First, a little over the mile, AS THE CROW FLIES, is more like 2 miles on the water. So that’s 40-50 minutes. And then as we passed Highway 72 we stopped to talk with some other kayakers and canoers. A little kid there fell in the current and banged himself up, and since I NEVER go on the river without a first aid kit, so I had to help out. Then we left there, and we had the river all to ourselves… cause no one else was stupid enough to be on it that late.

So on the other end, the scariest portion of the river in my opinion, we ended up paddling in the dark. Now I’d gladly paddle a LAKE in the dark. I’d even paddle a nice slow wide river in the dark. I’d like to get a water proof headlamp and actually do that sometime, as some commentators have mentioned, it’s easier to find gators that way. This isn’t a scared of the dark complaint.

The last quarter mile of the river on our chosen route is a pretty quick moving section with lots of snarls. Nothing we haven’t done before, but I’ve had plenty of trouble here too. I’ve flipped a few times, nearly flipped more times than I care to count. Last time Jim and I did this section in the canoe, we got sideways against a log. The current was fast and strong and rolled over the side of the canoe. Jim is quick to point out we didn’t flip, but that didn’t keep us out of the water.

So we get to the danger zone, and the suns behind the mountain so it might as well be dark. It’s that stupid twilight time when you can’t see for crap. And yet we’re running down the river dodging logs and trying to keep from rolling over a log, rock or snarl. It wasn’t fun. Okay, it was fun. But it was pretty darn scary.

And thankfully uneventful. Couple of close calls. I got hung up a time or two, Jim ran the canoe into a sticky spot in a place I couldn’t help much. I’m still not sure how he did it. In some freak way he got the front of the canoe hooked around the branch of a tree in a weird way that I still can’t wrap my head around. And the current was so quick I couldn’t get back to help. Somehow he freed himself and we got the boats pulled out of the water.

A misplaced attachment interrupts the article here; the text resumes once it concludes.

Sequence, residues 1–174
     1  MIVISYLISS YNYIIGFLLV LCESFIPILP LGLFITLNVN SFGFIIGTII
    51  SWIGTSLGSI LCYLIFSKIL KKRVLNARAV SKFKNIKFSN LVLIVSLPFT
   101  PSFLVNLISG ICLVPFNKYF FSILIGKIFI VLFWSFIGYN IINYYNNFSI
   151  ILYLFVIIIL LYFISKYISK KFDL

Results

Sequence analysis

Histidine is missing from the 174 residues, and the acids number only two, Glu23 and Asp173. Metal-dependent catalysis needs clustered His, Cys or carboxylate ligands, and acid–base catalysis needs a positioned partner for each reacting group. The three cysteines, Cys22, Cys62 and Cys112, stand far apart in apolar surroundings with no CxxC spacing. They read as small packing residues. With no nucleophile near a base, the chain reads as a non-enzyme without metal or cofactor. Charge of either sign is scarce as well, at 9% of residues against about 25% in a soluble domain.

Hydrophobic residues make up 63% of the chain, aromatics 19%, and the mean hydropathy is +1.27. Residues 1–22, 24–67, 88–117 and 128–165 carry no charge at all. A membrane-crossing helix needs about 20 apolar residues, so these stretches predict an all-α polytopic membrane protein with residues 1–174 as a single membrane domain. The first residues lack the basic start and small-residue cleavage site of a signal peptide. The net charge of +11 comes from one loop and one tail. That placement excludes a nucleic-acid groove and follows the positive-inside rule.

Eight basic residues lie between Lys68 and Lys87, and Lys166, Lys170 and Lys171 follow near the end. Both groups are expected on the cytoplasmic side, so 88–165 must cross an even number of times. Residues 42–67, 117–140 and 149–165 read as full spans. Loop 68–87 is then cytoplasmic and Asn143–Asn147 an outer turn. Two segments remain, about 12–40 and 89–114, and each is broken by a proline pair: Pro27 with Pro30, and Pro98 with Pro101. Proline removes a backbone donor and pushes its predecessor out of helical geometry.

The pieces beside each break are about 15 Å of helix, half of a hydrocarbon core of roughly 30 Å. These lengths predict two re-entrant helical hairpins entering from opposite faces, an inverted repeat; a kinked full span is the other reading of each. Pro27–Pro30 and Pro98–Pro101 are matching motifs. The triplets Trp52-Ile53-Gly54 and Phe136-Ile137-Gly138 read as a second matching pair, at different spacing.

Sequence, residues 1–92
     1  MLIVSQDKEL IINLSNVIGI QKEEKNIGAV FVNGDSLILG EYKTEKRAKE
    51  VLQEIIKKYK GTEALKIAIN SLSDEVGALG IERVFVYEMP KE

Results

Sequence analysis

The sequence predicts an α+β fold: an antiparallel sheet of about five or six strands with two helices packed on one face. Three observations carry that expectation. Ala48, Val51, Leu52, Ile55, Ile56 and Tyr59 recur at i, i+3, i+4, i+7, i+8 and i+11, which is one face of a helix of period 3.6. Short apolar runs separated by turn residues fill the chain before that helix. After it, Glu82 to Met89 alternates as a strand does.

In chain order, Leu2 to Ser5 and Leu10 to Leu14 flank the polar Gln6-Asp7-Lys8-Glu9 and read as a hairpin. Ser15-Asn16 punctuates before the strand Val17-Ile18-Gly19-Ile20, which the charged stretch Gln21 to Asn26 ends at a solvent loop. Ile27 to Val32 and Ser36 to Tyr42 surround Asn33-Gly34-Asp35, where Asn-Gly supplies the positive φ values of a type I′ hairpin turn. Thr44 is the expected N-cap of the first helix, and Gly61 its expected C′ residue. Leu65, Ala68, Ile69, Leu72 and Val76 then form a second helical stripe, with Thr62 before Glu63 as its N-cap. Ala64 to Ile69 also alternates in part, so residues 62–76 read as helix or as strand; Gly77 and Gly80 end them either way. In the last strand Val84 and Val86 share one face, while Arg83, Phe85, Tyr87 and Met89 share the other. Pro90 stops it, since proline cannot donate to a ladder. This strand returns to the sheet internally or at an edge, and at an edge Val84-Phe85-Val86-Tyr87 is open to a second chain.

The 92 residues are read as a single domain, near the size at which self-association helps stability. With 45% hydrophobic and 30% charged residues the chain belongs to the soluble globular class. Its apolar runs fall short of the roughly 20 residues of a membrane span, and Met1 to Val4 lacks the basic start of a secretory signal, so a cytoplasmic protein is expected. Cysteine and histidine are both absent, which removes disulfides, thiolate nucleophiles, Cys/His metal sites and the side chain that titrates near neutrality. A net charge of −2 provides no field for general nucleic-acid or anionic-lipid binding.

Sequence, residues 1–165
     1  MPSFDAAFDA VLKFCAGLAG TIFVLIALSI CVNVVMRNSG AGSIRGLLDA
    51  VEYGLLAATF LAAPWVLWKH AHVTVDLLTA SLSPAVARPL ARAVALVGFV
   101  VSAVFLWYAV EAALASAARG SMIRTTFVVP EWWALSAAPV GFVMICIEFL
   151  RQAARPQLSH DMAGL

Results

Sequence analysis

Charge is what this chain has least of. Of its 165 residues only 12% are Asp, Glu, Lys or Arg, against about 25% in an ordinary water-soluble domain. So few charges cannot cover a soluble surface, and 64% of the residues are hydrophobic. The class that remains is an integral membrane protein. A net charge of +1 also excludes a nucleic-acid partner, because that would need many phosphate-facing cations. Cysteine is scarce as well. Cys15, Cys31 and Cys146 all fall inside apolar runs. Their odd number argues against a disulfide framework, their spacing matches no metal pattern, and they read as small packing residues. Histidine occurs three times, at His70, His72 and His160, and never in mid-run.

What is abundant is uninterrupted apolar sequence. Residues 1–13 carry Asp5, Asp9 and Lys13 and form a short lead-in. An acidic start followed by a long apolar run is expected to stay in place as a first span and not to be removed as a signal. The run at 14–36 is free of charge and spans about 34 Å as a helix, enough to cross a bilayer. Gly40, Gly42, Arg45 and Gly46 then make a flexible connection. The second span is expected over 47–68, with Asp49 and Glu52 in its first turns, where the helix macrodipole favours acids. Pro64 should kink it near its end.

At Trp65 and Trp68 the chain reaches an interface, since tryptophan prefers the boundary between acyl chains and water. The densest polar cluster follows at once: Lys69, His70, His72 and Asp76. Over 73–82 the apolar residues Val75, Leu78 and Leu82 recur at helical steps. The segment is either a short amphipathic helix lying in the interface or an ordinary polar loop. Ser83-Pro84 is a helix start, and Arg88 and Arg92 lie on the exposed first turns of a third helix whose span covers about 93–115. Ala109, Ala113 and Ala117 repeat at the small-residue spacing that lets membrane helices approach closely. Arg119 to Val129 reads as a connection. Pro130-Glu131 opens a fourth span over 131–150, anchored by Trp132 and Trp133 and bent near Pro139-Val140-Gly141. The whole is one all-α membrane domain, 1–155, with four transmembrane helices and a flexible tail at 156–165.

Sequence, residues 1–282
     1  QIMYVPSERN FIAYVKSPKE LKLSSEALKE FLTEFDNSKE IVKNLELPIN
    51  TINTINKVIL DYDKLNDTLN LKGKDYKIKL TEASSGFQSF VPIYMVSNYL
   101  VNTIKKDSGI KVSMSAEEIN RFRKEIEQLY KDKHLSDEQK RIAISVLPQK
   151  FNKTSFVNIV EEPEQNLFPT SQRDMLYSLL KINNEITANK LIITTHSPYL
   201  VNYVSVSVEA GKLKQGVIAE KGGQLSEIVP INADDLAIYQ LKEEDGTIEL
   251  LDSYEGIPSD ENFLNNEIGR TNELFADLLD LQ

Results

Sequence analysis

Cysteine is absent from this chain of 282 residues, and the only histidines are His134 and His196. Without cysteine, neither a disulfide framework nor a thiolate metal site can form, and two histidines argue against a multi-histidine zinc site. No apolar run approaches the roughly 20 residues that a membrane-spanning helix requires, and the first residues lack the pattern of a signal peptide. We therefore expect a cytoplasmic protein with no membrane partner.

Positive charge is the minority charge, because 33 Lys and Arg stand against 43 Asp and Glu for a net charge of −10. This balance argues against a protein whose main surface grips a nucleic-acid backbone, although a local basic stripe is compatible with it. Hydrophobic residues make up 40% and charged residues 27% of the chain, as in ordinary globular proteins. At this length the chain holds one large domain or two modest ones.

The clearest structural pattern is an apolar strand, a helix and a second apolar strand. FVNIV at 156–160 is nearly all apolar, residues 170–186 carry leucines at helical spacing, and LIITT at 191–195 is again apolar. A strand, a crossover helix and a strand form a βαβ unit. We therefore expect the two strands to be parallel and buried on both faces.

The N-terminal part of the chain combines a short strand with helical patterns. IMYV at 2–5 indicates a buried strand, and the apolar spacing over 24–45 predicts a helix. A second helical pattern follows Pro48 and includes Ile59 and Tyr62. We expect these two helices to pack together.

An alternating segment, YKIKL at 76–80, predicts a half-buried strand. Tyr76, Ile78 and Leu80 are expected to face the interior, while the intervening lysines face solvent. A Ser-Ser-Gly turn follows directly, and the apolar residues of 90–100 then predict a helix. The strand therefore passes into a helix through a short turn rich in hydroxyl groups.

So for the first time in a couple of weeks I got the boats wet. And it was good. If scary in the end. But hey… scary is good too.

Kids are Amazing Creatures

Kids are pretty amazing. I took my kids out for a day on the river, and they went along fairly happily. We went down to a place on the Tennessee river where I spent a few hours in a cave hiding from a thunder storm a few weeks ago. The kids wanted to see the cave and so we went.

The trip to the cave was uneventful. We saw some fish, a turtle or two, and lots of boats. In fact, my only concern was some idiot motorboater (is my bias showing?) running us over.

But that didn’t happen and we had a grand time. We scrambled up into the cave, hung out a bit and the kids wanted to try some swimming.

The swiming didn’t go well. The girl, my four year old, hurt her knee and the boy, my six year old, got scared when he realized there was no shallow water.

DSCF0445.JPG

I tried go coax them back into the water by going swimming myself. I dived from the cave and swam out a bit. I turned to try and coax the kids into the water but they wanted none of it. The girl was still crying over her hurt knee. The boy thought there might be snakes. I looked downriver and no longer cared. A big thunderstorm was heading our way. Looked like we’d be spending some more time in my weather cave.

Problem was, unlike the first time, this storm didn’t want to die. It kept on for more than an hour. Then pushing two. I had no clue when it would end. So after the thunder stopped we started looking for a break in the weather to dash the quarter mile from the cave back to the car.